Llanymawddwy  Merionethshire


In 1870-72, John Marius Wilson's Imperial Gazetteer of England and Wales described Llanymawddwy like this:

LLANYMOWDDWY, a village and a parish in Dolgelly district, Merioneth. The village stands near the head of the river Dyfi, under Arran-Mowddwy mountain, 2 miles W of the boundary with Montgomery, 4¼ NE by N of Dinas-Mowddwy r. station, and 18½ NE of Machynlleth; and has a post office under Dinas-Mowddwy, Montgomeryshire. ...

The parish contains the townships of Cowarch, Cwmceiwydd, Llanerchfydda, and Pennant. Acres, 15,290. Real property, £1,736; of which £200 are in mines. Pop. in 1851,685; in 1861, 595. Houses, 128. The property is divided among a few. The surface is mountainous, and culminates on Arran-Mowddwy, at an altitude of 2,955 feet. Bwlchy-Groes pass, on the E boundary, taking a wild mountain road into Montgomeryshire, was formerly provided with a crucifix, to remind wayfarers of the dangers of the region. A spot, called Gwely-Tydecho, close to the roadside at Pennant, is said to have been the retreat of St. Tydecho; and five holes cross-wise, on a rock in the same neighbourhood, are fabled to be the impress of his foot. A waterfall is on the Pumrhyd rivulet, which flows from a coom, on the W side of the Dyfi's valley. Peat and slate abound. The living is a rectory in the diocese of Bangor. Value, £235. * Patron, the Bishop of Bangor. The church is dedicated to St. Tydecho, and is good. A very large yew-tree is in the churchyard. Charities, £6. Dr. John Davies, the Welsh grammarian and lexicographer, was rector.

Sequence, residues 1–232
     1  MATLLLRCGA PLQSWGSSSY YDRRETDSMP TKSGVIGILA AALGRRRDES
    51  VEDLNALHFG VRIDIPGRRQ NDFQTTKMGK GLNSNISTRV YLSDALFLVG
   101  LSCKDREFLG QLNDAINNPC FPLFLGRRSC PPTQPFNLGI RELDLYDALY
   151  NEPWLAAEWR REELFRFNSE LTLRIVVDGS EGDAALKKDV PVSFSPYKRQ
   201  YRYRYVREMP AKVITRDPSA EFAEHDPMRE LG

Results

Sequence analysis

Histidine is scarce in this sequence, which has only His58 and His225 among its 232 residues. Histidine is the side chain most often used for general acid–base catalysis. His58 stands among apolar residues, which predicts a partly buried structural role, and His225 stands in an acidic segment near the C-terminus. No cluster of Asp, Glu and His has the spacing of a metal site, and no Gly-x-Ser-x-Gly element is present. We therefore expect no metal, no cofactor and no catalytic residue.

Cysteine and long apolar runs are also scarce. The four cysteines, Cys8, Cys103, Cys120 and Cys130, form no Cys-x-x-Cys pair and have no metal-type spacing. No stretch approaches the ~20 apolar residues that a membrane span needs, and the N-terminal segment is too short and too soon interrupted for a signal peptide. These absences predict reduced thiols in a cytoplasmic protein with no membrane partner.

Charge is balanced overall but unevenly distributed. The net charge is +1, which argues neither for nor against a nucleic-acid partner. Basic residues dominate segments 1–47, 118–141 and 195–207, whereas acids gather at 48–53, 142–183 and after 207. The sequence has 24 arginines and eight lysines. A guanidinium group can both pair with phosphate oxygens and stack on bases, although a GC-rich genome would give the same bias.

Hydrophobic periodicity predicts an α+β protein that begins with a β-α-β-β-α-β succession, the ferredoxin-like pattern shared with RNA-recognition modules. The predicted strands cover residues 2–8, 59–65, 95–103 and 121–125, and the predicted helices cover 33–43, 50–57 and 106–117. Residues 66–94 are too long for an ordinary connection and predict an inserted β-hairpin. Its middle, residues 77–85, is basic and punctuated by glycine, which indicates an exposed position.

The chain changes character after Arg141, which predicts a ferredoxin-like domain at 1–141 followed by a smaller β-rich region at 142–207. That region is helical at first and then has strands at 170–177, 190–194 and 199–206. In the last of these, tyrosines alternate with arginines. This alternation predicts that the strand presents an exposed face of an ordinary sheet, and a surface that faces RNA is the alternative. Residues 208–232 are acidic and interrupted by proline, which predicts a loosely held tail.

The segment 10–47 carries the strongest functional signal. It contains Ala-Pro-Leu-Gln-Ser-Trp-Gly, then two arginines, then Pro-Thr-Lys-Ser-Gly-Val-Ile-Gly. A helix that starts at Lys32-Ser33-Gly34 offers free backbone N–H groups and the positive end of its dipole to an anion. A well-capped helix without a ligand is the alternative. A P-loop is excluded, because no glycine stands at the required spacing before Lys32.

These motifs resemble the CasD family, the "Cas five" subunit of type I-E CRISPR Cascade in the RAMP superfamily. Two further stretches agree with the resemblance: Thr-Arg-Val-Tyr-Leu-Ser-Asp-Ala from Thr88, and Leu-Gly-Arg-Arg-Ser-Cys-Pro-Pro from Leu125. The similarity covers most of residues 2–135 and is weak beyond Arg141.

Llanymawddwy through time

Llanymawddwy is now part of Gwynedd district. Click here for graphs and data of how Gwynedd has changed over two centuries. For statistics about Llanymawddwy itself, go to Units and Statistics.

How to reference this page:

GB Historical GIS / University of Portsmouth, History of Llanymawddwy, in Gwynedd and Merionethshire | Map and description, A Vision of Britain through Time.


Date accessed: 24th November 2020

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